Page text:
Now, with regards to the results I obtained, in all fairness to On1 2022 NoNoise Ai did a pretty good job – see the split image above which is a before and after of the image I was working on. Here the noise in the original was completely removed using just the base (default) settings in the NoNoise panel. As I didn’t want to phaff around with this image, I just wanted to get a good comparison, I only really adjusted the white balance after the application of NoNoise simply to make the image look a little more realistic. I did this simply by picking on something white in the image, in this case the mans shirt,and applying a colour shift to it. You could also use Curves if you prefer or the colour settings available in the Effects section. This adjustment reduced the greenish tinge between the original and the processed image. Whether it’s worth working on the image any more than this is debatable as it’s such a low resolution but it does make a great image for comparison purposes.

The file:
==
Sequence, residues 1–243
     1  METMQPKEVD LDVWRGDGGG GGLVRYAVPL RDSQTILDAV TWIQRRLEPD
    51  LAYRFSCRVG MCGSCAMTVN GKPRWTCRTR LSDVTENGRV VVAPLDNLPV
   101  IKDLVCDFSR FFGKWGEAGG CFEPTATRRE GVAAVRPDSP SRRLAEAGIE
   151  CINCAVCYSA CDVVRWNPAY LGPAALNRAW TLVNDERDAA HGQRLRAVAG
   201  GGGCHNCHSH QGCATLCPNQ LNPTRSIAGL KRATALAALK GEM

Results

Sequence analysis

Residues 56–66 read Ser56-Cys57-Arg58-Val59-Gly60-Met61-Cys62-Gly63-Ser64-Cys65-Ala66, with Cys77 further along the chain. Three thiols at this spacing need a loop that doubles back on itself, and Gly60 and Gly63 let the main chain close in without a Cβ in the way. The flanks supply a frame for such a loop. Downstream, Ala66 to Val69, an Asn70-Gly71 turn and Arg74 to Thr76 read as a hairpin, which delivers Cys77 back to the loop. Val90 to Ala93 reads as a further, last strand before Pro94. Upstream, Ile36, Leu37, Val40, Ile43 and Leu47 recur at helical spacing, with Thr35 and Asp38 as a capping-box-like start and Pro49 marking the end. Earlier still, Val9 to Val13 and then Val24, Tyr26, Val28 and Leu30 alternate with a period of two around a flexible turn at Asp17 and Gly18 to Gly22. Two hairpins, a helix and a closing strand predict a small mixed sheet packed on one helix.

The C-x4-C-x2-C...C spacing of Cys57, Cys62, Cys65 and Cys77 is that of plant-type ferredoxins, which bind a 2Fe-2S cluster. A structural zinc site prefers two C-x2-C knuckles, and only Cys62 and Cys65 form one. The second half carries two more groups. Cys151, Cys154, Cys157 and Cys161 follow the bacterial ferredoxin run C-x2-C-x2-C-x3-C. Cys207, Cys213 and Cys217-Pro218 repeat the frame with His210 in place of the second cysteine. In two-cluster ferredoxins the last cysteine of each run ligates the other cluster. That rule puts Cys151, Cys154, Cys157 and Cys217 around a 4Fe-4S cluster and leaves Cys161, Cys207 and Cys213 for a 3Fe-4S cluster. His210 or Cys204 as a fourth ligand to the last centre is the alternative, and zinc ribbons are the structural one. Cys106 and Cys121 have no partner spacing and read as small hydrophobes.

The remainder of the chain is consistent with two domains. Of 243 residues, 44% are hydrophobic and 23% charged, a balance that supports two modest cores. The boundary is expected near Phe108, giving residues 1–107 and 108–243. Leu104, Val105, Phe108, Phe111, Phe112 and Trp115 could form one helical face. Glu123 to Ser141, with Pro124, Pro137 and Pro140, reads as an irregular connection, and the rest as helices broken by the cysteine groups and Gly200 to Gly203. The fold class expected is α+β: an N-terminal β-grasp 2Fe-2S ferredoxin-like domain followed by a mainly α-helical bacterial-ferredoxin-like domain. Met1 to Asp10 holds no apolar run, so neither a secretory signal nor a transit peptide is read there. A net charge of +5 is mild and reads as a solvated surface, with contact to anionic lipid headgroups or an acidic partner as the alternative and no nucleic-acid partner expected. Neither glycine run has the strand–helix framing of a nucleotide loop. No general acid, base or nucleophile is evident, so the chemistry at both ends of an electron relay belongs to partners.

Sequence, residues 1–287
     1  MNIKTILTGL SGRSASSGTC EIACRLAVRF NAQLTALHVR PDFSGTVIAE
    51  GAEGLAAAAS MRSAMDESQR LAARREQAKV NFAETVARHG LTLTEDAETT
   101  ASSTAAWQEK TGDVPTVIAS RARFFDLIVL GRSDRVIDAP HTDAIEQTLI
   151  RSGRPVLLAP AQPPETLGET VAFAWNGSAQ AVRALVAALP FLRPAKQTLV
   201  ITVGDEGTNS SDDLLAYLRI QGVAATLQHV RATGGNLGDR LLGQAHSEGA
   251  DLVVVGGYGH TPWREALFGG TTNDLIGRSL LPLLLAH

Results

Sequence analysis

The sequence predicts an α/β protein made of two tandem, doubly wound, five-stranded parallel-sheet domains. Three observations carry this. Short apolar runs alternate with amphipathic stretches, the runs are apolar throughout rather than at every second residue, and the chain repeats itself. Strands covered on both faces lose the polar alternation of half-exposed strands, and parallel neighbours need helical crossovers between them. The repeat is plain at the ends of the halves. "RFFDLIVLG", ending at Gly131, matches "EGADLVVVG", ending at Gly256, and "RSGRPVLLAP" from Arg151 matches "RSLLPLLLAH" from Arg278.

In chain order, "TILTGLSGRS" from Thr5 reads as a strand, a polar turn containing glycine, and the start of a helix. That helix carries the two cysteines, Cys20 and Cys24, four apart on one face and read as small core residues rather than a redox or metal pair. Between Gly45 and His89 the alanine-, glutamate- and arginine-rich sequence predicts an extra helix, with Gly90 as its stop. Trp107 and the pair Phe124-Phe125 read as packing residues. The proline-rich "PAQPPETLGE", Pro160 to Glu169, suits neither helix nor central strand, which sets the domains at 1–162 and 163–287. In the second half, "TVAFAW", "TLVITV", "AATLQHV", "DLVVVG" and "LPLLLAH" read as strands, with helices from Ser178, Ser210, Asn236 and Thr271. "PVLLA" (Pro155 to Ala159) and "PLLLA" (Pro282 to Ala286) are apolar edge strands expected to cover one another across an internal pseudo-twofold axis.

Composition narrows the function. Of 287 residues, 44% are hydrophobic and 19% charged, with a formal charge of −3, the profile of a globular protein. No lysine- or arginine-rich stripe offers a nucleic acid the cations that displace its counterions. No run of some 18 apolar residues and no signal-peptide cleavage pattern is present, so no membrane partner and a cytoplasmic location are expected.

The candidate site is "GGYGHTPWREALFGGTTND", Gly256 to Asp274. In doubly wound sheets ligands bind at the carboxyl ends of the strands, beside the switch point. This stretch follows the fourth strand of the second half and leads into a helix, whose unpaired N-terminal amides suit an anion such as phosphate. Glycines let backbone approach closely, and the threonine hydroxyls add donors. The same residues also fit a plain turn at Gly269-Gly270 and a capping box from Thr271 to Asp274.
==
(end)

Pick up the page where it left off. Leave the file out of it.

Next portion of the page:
In Summary

So, what are my thoughts on the results? Well, this is an image that isn’t going to stand a lot of close inspection. Had I started with the RAW, I think the results would have been much much better. If you do a deep dive into the image you’ll see that yes, the noise is really well controlled but at the expense of any real details in the faces. They look very plastic close up although that is as much a result of what I started with as what NoNoise was able to achieve so please don’t go away thinking that this is not a good result. As I mentioned, I made no effort to fine tune the image using either the sharpening or details sliders that are available. Stand back and look at the image from a distance though and it looks pretty good, especially given its history.